Analysis of Petrach’s Poetry
Essay title: Analysis of Petrach’s Poetry
Literary works have certain meanings displayed throughout their entirety. A single literary work however can be interpreted in a variety of ways. Petrarch whose poetry was about the idealistic approach to love, caused for several Renaissance writers to revisit them and translate them to represent different meanings. Basically, Sir Thomas Wyatt in his poem “The Long Love That in My Thought Doth Harbour” and Henry Howard, Earl of Surrey in his poem “Love That Doth Reign and Live Within My Thought,” both explored the varying view of the original poem created by Petrarch. Their views on the aspect of love helped to be shaped by the Renaissance ideas, help to display the changing times as created by this period of rebirth and also help to reflect the views of each author on love.
The poem “The Long Love That in My Thought Doth Harbour” by Wyatt essentially depicts one view on love while the poem “Love That Doth Reign and Live Within My Thought” by Surrey, depicts an almost contrasting view. Although they both hold Petrarch’s poem as the origin, they show the difference in the effects of the Neo-Platonism during the Renaissance. The notion that the need for love still existed, but the idea that perfect love could never exist was what basically what drove the entirety of their ideas, and what made them stream from the Petrarchan idea of idealistic love. Both authors while focusing on the idea that love can not be idealized show in their own depictions two different views of that love. They portray the means of keeping love or holding onto love with two different mind sets and basically help to back up the notion idealized love can not truly exist and can not be a product of only perfection.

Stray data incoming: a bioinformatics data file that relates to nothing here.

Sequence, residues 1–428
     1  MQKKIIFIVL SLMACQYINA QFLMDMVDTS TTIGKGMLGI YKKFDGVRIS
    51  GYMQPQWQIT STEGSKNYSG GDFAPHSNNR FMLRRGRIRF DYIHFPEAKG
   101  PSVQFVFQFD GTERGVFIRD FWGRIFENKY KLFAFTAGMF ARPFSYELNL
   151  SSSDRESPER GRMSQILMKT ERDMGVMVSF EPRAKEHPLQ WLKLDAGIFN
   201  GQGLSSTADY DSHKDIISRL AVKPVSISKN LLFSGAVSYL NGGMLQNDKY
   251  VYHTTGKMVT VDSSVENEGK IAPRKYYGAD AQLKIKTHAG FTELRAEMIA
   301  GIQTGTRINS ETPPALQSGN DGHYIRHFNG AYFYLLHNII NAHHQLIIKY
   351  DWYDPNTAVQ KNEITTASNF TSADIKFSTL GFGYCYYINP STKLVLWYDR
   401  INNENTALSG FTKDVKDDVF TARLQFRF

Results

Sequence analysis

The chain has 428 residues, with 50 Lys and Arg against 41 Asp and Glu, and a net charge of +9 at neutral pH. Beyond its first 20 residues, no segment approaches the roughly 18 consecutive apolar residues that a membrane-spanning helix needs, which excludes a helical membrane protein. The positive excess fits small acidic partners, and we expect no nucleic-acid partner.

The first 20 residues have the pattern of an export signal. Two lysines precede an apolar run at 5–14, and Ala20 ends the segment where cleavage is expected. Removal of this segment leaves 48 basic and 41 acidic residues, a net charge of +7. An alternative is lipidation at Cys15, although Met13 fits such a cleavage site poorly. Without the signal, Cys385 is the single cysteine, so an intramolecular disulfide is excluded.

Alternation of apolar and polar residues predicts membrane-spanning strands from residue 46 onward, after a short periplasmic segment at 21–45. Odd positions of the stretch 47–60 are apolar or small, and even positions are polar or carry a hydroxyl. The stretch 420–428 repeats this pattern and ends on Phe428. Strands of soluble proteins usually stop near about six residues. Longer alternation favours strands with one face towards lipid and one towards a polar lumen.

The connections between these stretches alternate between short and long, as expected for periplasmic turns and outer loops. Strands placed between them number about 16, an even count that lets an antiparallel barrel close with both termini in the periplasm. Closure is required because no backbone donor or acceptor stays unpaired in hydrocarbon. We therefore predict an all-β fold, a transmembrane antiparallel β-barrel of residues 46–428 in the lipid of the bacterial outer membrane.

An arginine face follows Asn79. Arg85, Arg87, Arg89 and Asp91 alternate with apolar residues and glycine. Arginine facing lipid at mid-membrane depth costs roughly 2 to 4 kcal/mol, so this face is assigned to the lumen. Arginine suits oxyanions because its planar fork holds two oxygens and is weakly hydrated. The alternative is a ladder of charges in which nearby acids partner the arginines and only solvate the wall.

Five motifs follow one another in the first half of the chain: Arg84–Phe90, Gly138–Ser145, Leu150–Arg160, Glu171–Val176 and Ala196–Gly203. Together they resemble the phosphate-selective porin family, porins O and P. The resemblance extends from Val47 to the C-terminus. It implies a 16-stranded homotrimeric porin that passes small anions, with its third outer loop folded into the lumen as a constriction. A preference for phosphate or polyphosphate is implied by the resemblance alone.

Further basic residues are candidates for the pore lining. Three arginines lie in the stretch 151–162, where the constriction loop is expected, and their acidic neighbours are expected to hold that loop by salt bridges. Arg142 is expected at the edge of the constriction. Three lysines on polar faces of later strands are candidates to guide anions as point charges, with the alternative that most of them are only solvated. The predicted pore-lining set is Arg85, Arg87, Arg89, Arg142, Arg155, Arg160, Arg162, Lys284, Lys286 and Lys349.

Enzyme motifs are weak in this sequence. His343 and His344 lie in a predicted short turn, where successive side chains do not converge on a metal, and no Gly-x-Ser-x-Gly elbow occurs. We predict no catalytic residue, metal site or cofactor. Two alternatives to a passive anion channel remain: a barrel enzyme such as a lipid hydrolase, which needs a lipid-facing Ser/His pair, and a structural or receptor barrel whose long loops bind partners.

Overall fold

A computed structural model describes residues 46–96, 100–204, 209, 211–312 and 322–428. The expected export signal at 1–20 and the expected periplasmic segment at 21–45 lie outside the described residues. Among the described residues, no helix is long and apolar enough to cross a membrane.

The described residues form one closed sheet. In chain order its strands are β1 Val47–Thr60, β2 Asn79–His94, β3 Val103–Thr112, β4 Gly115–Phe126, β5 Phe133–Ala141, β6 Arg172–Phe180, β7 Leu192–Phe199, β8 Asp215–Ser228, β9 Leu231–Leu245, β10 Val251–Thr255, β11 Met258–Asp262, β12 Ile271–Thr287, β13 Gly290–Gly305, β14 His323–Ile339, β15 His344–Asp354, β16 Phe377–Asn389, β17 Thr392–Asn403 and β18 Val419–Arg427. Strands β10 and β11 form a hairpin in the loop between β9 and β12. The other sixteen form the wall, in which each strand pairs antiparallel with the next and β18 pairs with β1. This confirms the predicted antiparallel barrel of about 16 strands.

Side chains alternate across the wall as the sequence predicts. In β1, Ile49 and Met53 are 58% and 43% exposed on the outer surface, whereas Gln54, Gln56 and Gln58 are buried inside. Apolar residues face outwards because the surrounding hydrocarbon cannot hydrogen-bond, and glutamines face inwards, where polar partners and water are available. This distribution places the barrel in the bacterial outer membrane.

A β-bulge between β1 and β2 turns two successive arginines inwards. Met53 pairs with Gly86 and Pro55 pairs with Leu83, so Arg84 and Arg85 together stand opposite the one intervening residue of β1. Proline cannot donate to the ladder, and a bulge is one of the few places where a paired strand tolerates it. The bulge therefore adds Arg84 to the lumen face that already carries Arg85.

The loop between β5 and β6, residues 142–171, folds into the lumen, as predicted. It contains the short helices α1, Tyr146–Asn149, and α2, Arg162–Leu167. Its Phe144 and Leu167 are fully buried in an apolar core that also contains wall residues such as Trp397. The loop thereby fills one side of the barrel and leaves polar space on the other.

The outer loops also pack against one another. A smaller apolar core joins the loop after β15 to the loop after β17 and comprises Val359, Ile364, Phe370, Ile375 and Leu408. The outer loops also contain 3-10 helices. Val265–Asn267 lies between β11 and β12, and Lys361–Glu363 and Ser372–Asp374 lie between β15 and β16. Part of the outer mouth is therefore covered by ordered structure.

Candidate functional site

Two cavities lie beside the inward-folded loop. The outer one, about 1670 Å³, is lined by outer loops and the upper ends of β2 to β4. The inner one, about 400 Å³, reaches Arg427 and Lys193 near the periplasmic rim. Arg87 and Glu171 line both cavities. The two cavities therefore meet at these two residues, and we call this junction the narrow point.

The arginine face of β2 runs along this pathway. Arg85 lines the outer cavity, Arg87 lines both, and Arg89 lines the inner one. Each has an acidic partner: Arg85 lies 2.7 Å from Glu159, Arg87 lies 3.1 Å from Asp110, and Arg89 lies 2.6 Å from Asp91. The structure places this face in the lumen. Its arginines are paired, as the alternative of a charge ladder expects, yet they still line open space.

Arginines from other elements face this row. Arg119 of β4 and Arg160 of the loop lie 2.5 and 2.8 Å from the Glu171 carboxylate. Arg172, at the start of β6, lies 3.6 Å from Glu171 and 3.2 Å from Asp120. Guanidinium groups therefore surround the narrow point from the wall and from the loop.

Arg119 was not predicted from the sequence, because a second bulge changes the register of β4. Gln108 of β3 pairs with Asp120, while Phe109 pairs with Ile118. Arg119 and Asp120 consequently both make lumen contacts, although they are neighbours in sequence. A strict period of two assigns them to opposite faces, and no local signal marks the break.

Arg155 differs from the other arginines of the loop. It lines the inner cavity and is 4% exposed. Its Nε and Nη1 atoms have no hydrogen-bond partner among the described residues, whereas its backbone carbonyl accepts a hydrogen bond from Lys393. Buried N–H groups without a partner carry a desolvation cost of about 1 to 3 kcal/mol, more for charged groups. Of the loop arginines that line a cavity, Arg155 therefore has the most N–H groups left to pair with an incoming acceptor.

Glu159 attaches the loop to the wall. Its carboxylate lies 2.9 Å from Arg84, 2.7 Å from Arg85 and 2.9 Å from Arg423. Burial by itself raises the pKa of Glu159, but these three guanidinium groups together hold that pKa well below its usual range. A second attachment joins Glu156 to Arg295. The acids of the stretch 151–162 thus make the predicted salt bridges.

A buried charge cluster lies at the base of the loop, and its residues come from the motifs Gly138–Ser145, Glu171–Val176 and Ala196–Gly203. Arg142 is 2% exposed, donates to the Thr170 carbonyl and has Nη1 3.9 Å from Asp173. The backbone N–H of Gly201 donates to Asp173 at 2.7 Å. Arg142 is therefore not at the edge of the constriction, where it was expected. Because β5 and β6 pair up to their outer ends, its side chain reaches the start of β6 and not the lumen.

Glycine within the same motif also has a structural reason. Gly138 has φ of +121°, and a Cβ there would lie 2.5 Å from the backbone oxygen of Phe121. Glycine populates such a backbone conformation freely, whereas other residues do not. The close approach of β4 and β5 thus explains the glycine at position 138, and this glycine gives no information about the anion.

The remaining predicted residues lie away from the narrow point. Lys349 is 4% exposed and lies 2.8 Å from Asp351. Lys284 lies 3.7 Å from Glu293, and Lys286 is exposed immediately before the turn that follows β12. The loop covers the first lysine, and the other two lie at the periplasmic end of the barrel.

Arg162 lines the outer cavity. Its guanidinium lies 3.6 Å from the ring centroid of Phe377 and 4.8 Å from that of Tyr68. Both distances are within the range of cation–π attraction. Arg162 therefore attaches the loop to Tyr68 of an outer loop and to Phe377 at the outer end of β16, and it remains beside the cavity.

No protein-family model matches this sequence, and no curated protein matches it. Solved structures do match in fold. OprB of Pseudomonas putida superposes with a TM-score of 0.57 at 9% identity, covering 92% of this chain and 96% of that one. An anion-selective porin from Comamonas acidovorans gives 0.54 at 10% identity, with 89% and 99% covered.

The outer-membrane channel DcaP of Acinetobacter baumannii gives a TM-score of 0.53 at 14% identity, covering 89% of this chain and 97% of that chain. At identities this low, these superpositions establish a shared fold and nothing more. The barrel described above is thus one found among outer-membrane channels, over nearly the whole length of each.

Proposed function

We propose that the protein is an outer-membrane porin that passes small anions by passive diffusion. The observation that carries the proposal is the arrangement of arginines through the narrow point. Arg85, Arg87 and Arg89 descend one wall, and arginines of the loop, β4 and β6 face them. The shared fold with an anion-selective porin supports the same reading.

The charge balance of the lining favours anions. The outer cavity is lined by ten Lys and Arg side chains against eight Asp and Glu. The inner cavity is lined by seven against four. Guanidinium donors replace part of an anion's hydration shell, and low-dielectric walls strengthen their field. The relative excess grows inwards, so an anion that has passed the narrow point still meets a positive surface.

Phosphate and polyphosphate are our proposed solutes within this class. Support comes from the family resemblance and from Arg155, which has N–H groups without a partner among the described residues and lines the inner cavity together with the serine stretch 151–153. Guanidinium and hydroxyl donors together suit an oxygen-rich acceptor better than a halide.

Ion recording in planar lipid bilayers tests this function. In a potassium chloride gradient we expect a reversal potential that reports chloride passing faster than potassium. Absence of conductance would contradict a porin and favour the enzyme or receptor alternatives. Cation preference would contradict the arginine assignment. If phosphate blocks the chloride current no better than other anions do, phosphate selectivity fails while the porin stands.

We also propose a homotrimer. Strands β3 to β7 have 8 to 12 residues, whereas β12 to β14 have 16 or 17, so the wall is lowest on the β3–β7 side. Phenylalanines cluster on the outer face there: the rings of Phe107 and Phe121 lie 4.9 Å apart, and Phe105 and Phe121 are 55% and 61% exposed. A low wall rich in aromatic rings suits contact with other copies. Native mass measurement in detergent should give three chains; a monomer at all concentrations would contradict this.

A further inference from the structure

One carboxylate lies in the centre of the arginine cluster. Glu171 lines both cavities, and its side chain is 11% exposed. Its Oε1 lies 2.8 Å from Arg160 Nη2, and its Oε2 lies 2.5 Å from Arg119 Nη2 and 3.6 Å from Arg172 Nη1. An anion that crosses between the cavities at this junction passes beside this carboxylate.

The poem by Wyatt refers to the heart as the means of a place in which the love ultimately hides because it is like a forest. Wyatt is pretty much debating whether he should side with love or lust in this case, and ultimately the idea prevails that most likely the speaker chooses to hide away that love and continue with lust. He does not seem to grab hold of the idea of keeping the love, but more so hiding away from the feeling because he was dominated by it in the past. Furthermore, the speaker seems to be stronger than the girl who has caused him all this pain by teaching him the idea of love. Contrastingly to this, Surrey’s poem shows the speaker as being weaker in a sense than the girl and choosing to be dominated by love in the end rather than shrouding away from it to continue with the lust. Surrey’s use of words such as prison, creates a sense of that this speaker is much more trapped in love rather than desiring to be in it primarily. The ending especially of the poem shows that the speaker is willing